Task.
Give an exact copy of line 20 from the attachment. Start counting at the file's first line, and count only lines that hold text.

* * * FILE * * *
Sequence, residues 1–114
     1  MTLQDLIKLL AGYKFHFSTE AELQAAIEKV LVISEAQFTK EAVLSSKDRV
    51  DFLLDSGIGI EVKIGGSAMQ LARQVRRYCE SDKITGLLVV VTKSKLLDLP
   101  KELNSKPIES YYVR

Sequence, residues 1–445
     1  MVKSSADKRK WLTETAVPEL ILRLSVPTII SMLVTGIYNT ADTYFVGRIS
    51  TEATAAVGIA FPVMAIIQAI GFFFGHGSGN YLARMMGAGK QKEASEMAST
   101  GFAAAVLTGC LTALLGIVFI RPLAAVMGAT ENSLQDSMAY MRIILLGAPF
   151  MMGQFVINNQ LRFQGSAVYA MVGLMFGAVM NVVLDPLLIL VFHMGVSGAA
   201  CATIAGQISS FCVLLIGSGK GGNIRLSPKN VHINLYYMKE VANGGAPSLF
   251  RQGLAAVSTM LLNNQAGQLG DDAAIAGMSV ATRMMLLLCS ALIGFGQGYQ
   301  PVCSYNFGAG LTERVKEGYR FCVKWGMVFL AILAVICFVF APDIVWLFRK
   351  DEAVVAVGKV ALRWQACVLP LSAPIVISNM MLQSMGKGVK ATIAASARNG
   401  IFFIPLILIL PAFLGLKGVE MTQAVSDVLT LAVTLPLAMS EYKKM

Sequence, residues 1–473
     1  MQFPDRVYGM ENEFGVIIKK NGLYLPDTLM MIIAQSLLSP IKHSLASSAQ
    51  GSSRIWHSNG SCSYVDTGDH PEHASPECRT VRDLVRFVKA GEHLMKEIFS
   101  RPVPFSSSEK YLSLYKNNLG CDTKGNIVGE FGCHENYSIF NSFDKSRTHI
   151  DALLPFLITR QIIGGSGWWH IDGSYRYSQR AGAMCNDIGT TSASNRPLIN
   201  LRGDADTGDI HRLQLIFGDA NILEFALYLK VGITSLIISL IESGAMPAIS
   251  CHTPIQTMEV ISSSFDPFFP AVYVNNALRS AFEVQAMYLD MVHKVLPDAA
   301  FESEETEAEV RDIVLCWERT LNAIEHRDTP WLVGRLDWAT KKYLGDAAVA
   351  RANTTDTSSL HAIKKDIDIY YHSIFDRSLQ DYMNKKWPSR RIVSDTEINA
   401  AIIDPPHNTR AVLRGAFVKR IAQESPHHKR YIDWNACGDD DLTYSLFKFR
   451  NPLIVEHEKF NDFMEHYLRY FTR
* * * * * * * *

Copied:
   201  LRGDADTGDI HRLQLIFGDA NILEFALYLK VGITSLIISL IESGAMPAIS